To my surprise, before the bridge of the song began, Highly Suspect frontman, Johnny Stevens walked on stage and did Paul McCoy’s part. The crowd went nuts! Stevens brought the energy that he had displayed in the opening set. Both Lee and Stevens took to the long catwalk and went back and forth as if they were dueling. It gave me chills. It was a huge moment! While I was waiting for Muse to take the stage I spoke with Highly Suspect’s photographer about Stevens joining in “Bring Me To Life”. He told me that they had only started doing about four shows prior to ours. It was such a cool surprise and an awesome way to fire up the crowd leading into Muse!
This would be my fourth time seeing Muse. Three of the times being in Vivint Arena and once over at USANA Amphitheatre. Arenas are a suitable place for the British rock band. It had been four years since Muse played Utah. I was happy to be there for the Simulation Theory Tour. It was a show I haven’t forgotten about. It only made me want to see Muse again. So I’m sure you can imagine how long this wait has felt. I love reviewing and photographing concerts. I enjoy covering all types of bands. But there is something about covering a band you listen to that totally adds to the excitement of the experience.
As I waited by the railing, waiting to be admitted into the pit near the catwalk, I just looked around at all the excited fans. Just then “Clearest Blue” by CHVRCHES played. The crowd got excited and many started to dance. The volume went up, indicating that we were moments away from Muse taking the stage. Right when the big breakdown of “Clearest Blue” happened, people on the floor started jumping as if this was part of the concert. We were so ready! Not long after, the lights went out!
Intro music began and as the members of Muse got into place the letters W, O, T, and P flamed up behind the drum kit. A pulsing drum began and “Will of the People” started off the show. The band donned masks that have been seen throughout videos of songs from the Will Of The People album. It was cool to see them all looking the same when the lights came up. I like when bands open up with songs from the new album. It’s a solid strategy. People are excited to see the band take the stage. So playing a new song, especially a good one totally works. Then everyone gets settled in and is excited to hear their favorites.
Muse wasted no time getting to the hits! It’s a strange dichotomy to be photographing a band that you really like. For the first three songs, there is no one in the arena closer to the band than me and the other photographers. We’re in front of the front row! So I’m sure you can imagine being a huge fan and being in that position but wanting to stay totally professional. Well, wanting to go nuts with the rest of the thousands of fans, but finding it necessary to be professional. Now picture being in that situation when bassist Chris Wolstenholme walks all the way to the end of the catwalk and begins his face melting bass solo to begin “Hysteria”! I almost lost it. “Hysteria” for their second song?! I couldn’t help myself. With my eye looking through the viewfinder of my camera, I yelled out my approval.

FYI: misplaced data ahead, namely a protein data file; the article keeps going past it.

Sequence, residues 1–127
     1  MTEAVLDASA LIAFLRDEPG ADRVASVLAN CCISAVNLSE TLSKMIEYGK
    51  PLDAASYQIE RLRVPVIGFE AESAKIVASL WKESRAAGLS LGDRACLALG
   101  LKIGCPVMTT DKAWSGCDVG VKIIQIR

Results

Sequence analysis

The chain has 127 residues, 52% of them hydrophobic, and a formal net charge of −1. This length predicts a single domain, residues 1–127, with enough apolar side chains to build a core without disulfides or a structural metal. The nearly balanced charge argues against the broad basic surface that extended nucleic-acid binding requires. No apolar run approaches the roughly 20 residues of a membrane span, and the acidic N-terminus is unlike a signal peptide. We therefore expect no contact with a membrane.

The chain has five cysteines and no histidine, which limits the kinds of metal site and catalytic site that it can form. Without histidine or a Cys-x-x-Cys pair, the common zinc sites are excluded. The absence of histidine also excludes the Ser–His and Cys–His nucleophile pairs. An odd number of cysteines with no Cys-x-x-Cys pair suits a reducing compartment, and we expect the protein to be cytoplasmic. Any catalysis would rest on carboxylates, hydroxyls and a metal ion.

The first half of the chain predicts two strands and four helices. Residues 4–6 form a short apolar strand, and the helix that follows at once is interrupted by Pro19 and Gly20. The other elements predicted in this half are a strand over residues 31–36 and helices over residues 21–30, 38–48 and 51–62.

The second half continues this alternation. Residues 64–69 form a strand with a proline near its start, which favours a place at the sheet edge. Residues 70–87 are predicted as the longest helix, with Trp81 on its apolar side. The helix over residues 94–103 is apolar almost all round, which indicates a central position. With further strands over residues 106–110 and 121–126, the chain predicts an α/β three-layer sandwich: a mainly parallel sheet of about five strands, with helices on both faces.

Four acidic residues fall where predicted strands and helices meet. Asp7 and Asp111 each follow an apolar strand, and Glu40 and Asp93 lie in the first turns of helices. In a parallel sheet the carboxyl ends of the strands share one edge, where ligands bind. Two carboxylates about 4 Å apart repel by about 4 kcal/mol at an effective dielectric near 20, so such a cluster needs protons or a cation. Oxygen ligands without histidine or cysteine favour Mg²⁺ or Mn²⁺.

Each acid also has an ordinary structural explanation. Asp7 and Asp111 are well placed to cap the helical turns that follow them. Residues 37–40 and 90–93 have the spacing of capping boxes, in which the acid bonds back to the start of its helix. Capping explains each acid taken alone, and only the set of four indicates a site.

This show did not lack in production. From the get-go, there were lights everywhere, pyro, confetti, and really cool video art. It was a visual feast. This show had it all. Including a robot leaf blower. In past concerts, when there is confetti a roadie will come out with a leaf blower and blow all of the confetti off the stage or catwalk. But on this night, a robot leaf blower moved its way down the catwalk and cleared the way. Muse thinks of everything. And I mean everything. During a video interlude, the stage went dark.
When the lights went back up a huge masked figure was the backdrop. I’m assuming it was an inflated prop. But it didn’t look like a blowup at all. It was huge with a moving hand. Muse spared no expense to bring a state-of-the-art show to their fans. Later in the show the masked figure left and was replaced by a huge demon-like beast. Again, massive in size totally filling the back of the stage.
The setlist was well-curated. Muse mixed in a plethora of hits with songs from Will Of The People. If I’m being honest seven songs from their new album was maybe two too many. I understand it’s the album this tour is supporting and the songs were good. It’s just difficult not to think of two or three songs they might have done from their back catalog. All that being said, in the moment, I loved the set. Muse has so many great anthemic songs. “Map of the Problematique”, “Time Is Running Out”, Plug In Baby”, and “Supermassive Black Hole” were huge with fans while newer songs like, “Thought Contagion”, “Won’t Stand Down” and, “Kill or Be Killed” fit right in with the classics.
“Uprising” gets me fired up every time I hear it. It feels like a rallying cry and a song that unites the audience. Hearing thousands and thousands of people cry out, “They Will Not Force Us! They Will Stop Degrading Us! They Will Not Control Us! We Will Be Victorious!”. The bigger the audience the more powerful that song!
I don’t think I’ve ever seen a band that talks so little and yet communicates so much with an audience. There is something about these songs being performed live with this production value that connects the crowd with the band. I’ve seen bands who don’t say anything and there is a disconnect between the two parties. That is not the case at a Muse concert. I felt so connected. Frontman Matt Bellamy moves all over the stage and all the way down the catwalk. Sings and plays his heart out. He doesn’t really have to say anything. In fact, there was one moment in the show where he let his guitar do the talking.
He’d play a note, but the note sounded like a voice because of the guitar effect. He’d play the note, and the crowd would respond by mimicking the note. Think Freddie Mercury with his “Ay Oh” from Live Aid but with a guitar. It was really cool. He got the crowd into it throughout the show, getting people to clap or sing along. He doesn’t need to say much. A simple look in their direction and the audience was all in.
Black Holes and Revelations was featured prominently at the end of the show with “Starlight” ending the main set and “Knights Of Cydonia” closing the show. I’m not sure how, but I always forget how mind-blowing “Knights Of Cydonia” is live. I can’t imagine a song following it. The song gallops until it paralyzes you with its “No One’s Gonna Take Me Alive” chorus followed by Muse exploding into a hard rock instrumental. The instrumental is joined by pyrotechnics lights and an ocean of people on the general admission floor jumping and going crazy. By the time the show ended, I was totally exhausted. Muse’s two-hour set flew by. I love seeing them live. I hope it doesn’t take another four years. It was a great night at Vivint Arena.